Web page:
The magnetic drum was invented by G. Taushek in 1932 in Austria on the basis of a principle discovered by Pfleumer.
Taushek put a ferromagnetic layer on the outside of a metal drum. Read and write heads were mounted at a distance of some micrometers that produced an electro magnetic pulse. This pulse could be stored by changing the magnetic orientation of the ferro magnetic particle the write head passed over at that very moment.
Thus binary values of 0 or 1 are recorded by generating electric pulses while the drum is rotating. The magnetic field of some of the particles suspended are polarized along a "track".
Reading back the recording is done by detecting which particle was "polarized" and which was not, and thus representing the binary "1-s" and "zero's" The capacity of a drum of 20 cm long and 10 cm in diameter was about 500.000 bit.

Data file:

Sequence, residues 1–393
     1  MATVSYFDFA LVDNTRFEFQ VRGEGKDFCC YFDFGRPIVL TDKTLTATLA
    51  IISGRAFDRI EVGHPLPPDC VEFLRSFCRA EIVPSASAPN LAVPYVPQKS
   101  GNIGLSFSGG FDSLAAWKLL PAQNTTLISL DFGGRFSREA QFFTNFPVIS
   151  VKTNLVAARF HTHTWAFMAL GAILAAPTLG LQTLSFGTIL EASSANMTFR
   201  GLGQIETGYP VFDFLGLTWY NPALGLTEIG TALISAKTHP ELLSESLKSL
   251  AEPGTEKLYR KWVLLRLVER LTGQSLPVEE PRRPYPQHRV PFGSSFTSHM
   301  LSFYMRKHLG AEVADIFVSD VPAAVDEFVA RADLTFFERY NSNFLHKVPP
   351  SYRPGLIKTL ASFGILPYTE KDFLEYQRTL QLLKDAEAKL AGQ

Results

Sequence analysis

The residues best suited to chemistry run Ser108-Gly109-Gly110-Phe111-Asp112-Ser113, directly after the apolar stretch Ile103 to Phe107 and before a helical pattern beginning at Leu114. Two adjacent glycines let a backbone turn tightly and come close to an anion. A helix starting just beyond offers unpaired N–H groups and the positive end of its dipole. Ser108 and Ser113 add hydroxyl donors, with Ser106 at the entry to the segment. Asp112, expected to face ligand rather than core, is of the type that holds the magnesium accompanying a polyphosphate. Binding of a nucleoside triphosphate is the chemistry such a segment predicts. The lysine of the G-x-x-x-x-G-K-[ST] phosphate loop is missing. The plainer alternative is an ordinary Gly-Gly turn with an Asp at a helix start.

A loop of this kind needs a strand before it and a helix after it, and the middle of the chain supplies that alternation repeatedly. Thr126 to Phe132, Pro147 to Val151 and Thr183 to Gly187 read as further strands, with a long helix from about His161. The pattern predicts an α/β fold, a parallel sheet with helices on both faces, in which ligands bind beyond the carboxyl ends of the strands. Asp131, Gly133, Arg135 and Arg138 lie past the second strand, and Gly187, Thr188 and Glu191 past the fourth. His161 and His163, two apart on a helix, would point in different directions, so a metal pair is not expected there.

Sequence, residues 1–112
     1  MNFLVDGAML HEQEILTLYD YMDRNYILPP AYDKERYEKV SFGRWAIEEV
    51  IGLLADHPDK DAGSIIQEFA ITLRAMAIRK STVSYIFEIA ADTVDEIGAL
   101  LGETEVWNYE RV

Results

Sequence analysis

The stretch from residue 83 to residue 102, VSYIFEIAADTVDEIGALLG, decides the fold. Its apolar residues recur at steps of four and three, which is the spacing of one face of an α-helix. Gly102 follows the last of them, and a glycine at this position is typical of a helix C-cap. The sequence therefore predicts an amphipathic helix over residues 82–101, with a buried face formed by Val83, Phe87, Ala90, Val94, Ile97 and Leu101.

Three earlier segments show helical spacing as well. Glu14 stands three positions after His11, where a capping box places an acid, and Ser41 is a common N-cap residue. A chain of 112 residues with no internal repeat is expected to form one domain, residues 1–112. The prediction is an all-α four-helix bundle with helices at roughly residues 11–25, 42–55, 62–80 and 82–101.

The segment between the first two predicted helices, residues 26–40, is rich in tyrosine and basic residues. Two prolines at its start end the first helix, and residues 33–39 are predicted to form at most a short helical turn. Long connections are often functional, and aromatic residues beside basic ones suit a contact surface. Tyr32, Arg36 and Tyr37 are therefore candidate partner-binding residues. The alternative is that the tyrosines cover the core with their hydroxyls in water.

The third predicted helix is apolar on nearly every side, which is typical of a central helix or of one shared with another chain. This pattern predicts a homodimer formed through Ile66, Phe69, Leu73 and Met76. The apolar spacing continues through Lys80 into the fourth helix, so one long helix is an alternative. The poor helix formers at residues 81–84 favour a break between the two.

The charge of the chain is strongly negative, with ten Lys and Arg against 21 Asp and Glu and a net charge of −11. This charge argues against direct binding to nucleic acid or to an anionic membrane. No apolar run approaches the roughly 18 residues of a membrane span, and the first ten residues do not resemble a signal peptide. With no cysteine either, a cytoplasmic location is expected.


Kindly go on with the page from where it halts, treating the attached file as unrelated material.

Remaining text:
Each track had its own read and write head.
Drum memory was an early form of computer memory that was widely used in the 1950s and into the 1960s. For many machines, a drum formed the main working memory of the machine, with data and programs being loaded on to or off of the drum using media such as paper tape or punch cards. Drums were later replaced by core memory, which was faster and had no moving parts, and which lasted until semiconductor memory entered the scene.